By President Armando Guebuza
As chair of ALMA Heads of State and Government, we commend the Chair of the African Union, the Prime Minister of Ethiopia, the President of Nigeria and the Chair of the African Union Commission for holding this Special Abuja +12 Summit at such an opportune time. Over the last decade since the first Abuja summit in 2000, we have registered dramatic increases in access to HIV, TB and Malaria control interventions. Malaria cases have fallen by more than 75% in 8 ALMA countries. Over this same time period, Malaria mortality rates have fallen by approximately one quarter, globally, and by more than a third in the WHO African Region.
As African heads of States and Government, we have closely monitored progress over the past 12 years. Over the past three years, using the ALMA scorecard for accountability and action, we have tracked policy compliance, financing in-country as well as implementation of recommended interventions and their impact on malaria. We acknowledge rapid gains in all these areas, and the excellent support from development partners that has been invaluable in our collective battle against the disease and its toll on our growth and development. We are concerned about the current reduction in funding and the resultant slow-down in scaling up of effective interventions, portending possible reversal of fragile gains in the fight against this silent killer disease. It is critical that we act decisively now to prevent malaria resurgence and deaths across the African continent.
The Global Fund to Fight AIDS, TB, and Malaria; a key funder of Malaria programmes in Africa, is currently seeking replenishment. ALMA and the Roll Back Malaria Partnership estimate the funding gap to achieve the 2015 malaria control targets as US$3.6 billion. It is critically important that we in the African Union, use ALMA and the rest of our friends in the development fraternity, to work together to mobilise these resources. Our continent bears the burden of 90% of all Malaria deaths worldwide – the vast majority being in children younger than five years of age. These children and their families must be protected, to release the level of learning and earning potential that will deliver the high economic levels our economies need.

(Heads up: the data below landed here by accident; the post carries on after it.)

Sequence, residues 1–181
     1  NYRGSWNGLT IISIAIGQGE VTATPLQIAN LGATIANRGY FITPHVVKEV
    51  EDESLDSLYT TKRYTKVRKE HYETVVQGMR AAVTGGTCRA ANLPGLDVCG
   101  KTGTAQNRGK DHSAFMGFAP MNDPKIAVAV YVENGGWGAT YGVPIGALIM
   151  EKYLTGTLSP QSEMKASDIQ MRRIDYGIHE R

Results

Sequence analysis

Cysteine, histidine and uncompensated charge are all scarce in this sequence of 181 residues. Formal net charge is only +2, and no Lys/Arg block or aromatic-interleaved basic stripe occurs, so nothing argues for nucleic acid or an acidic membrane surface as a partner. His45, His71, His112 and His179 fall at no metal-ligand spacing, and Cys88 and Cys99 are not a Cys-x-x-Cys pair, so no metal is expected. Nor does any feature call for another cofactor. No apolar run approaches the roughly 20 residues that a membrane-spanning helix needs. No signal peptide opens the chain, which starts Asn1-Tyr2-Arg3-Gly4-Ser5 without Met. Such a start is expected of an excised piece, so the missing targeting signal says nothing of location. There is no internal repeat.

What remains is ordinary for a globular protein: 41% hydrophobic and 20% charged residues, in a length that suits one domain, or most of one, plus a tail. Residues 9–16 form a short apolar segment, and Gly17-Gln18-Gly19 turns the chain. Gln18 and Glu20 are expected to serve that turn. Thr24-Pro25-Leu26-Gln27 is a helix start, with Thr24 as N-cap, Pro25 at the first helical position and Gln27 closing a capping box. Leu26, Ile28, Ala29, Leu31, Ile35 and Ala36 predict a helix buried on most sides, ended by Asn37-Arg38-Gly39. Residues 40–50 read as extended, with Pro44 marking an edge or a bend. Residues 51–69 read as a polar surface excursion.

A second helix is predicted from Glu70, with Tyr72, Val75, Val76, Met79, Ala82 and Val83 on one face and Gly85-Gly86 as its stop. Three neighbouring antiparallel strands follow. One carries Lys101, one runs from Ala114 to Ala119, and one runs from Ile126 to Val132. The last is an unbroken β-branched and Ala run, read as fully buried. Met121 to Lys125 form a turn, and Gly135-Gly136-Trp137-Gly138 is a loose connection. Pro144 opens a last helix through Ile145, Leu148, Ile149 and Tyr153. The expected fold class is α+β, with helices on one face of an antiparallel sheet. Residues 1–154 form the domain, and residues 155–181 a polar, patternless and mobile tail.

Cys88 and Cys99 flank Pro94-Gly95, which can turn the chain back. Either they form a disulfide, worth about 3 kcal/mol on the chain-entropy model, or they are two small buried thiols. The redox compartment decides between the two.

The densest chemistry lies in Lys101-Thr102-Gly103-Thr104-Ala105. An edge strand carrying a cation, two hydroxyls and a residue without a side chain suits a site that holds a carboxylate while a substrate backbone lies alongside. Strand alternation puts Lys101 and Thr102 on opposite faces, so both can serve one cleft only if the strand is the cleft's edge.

Twelve years ago African heads of state and government pledged to increase government funding for health. Many of us still have to deliver on that commitment. Today, we must seek not only to increase public sector budget allocations to health, but also invite our expanding vibrant private sector to co-fund health with us, together with our external development partners; through the different traditional and innovative financing mechanisms. At the same time, let us ensure that we use existing and new resources effectively and efficiently to enable us to reach our goal of not only controlling but eliminating Malaria from our continent. Getting more health for the money is critical for sustainability and holds us accountable for results.
It is imperative that we finish this fight together. Even as we recommit our own resources, and implement innovative financing mechanisms; we call upon our global friends to replenish the coffers of The Global Fund to Fight AIDS, TB and Malaria, the biggest funder for the African Union’s ALMA member states in the fight against these three diseases.
Africa’s time is now, and our people can no longer afford to wait for health, well-being and sustainable development.
His Excellency President Armando Guebuza is the President of the Republic of Mozambique, Chair, African Leaders Malaria Alliance, (ALMA), Chair, Southern Africa Development Community (SADC), Chair, Community of Portuguese Language Countries and Vice –Chair, AIDS Watch Africa (AWA).